2 dogs die after being swarmed by hundreds of bees at South Texas home, report says

The attack happened Thursday morning in McAllen, Texas

NEW YORK - MAY 30: A colony of honeybees from a hive. (Photo by Chris Hondros/Getty Images) (Chris Hondros, 2008 Getty Images)

MCALLEN, Texas – A highly unusual bee attack claimed the lives of two pet dogs at a South Texas home late last week, according to a report from Valley Central.

The attack happened at a home Thursday morning in the 3800 block of N. 7th Ct.

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The home was vacated, but the owner wouldn’t comply with the city to let them extricate the hive. So, city officials had to obtain a warrant to get inside, Valley Central reports.

The bees, identified as Africanized honey bees, attacked the two dogs and a few people a day earlier. City officials said this was unusual behavior for the bees, who are usually not aggressive unless they are threatened or provoked.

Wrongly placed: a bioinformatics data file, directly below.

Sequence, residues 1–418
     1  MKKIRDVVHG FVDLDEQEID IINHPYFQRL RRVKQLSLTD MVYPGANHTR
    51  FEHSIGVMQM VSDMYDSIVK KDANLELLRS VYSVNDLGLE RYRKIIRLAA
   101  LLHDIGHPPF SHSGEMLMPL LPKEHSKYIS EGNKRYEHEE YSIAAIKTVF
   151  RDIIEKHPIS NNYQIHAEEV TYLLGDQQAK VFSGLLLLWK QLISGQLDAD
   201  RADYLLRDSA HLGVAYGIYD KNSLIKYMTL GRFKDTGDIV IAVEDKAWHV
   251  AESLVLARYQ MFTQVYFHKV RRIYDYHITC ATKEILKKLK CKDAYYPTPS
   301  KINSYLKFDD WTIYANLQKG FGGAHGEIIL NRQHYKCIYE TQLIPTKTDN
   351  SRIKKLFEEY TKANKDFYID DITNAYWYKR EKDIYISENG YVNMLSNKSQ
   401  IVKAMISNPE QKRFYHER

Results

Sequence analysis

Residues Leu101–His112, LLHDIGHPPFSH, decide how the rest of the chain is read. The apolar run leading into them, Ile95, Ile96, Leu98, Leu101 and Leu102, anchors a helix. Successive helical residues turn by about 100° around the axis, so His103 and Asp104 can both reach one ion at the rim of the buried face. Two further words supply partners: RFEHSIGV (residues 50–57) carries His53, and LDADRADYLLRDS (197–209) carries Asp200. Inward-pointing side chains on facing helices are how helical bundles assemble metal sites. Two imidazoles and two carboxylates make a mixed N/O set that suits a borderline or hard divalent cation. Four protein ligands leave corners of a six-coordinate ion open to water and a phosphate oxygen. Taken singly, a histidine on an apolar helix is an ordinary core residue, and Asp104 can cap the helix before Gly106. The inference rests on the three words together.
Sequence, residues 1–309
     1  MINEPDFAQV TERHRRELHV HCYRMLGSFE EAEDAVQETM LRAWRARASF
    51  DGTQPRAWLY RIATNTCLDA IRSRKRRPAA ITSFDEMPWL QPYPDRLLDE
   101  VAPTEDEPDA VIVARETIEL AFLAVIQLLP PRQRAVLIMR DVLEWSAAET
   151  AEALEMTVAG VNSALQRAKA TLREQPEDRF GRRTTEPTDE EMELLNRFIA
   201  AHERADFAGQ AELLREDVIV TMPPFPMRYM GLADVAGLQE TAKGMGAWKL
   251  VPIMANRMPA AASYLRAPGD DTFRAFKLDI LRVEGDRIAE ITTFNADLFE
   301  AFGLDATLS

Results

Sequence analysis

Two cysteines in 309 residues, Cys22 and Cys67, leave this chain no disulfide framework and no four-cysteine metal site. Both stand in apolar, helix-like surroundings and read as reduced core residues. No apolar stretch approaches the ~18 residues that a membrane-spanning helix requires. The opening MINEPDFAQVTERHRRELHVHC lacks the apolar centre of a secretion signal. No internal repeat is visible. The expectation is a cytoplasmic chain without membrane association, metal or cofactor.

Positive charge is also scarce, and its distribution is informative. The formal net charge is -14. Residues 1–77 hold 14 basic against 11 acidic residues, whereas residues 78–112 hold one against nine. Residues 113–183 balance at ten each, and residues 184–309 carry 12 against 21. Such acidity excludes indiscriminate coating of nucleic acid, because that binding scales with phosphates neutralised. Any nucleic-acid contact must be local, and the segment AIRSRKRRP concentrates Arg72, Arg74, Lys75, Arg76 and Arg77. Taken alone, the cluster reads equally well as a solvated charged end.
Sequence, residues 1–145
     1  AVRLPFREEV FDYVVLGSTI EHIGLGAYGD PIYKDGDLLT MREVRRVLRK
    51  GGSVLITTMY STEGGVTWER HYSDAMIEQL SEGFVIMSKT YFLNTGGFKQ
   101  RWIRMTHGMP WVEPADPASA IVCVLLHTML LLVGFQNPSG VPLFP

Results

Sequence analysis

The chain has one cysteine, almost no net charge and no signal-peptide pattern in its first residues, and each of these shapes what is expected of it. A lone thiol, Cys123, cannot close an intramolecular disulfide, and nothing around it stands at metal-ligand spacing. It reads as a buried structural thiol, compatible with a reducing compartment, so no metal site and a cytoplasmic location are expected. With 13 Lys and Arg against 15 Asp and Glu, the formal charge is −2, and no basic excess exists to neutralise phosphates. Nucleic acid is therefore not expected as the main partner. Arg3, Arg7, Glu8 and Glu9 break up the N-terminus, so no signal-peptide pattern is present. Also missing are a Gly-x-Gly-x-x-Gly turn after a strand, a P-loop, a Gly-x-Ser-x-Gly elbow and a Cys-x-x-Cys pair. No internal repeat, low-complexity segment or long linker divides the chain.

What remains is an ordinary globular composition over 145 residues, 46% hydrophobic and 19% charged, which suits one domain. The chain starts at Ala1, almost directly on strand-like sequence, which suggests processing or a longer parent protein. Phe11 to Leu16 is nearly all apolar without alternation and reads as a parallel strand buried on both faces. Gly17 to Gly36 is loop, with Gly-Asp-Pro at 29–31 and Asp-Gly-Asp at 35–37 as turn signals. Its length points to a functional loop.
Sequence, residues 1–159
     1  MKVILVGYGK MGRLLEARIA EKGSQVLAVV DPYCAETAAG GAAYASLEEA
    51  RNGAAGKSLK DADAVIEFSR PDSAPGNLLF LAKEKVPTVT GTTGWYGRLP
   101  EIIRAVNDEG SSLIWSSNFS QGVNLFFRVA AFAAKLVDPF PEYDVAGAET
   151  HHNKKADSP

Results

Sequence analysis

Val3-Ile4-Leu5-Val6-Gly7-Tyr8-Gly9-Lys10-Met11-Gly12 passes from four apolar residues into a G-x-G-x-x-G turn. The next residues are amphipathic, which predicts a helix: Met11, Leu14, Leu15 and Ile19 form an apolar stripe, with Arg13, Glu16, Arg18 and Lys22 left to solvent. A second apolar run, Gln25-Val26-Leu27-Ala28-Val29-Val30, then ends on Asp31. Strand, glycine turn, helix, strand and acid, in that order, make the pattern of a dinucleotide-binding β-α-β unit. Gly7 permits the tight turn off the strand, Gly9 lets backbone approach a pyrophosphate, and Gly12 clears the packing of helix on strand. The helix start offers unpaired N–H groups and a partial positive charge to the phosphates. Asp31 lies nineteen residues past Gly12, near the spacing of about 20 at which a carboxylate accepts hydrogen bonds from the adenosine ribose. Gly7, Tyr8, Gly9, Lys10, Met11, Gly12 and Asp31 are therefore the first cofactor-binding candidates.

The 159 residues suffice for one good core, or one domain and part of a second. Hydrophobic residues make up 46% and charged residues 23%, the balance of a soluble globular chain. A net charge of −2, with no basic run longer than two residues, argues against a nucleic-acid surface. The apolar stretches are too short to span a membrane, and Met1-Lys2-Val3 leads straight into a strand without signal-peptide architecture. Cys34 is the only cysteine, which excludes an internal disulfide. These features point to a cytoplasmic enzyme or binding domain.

“Typically Africanized bees have a memory of three days,” Devon Johnston from R9 Hive & Honey told Valley Central. “So when they get disturbed by someone using a lawn mower or some loud noise, they are going to be on high alert for three days.”

Johnson told Valley Central that she believes the bees were agitated by someone who then ran off near the two dogs.

The dogs, who were in a fenced patio, then became the target of the bees’ stings, Johnson said.

“The [dog’s owner] took me into the residence where the dogs were and there were hundreds of dead bees in the patio,” Johnston told Valley Central. “He had sliding glass doors and there were muddy paw prints and even a little bit of blood from where the dogs were desperately trying to get into the house.”

Though the hive was inside a vacant home, Johnston said it was apparent that someone had tried to cover it up with foam.

The bee hive was removed and no other injuries were reported.


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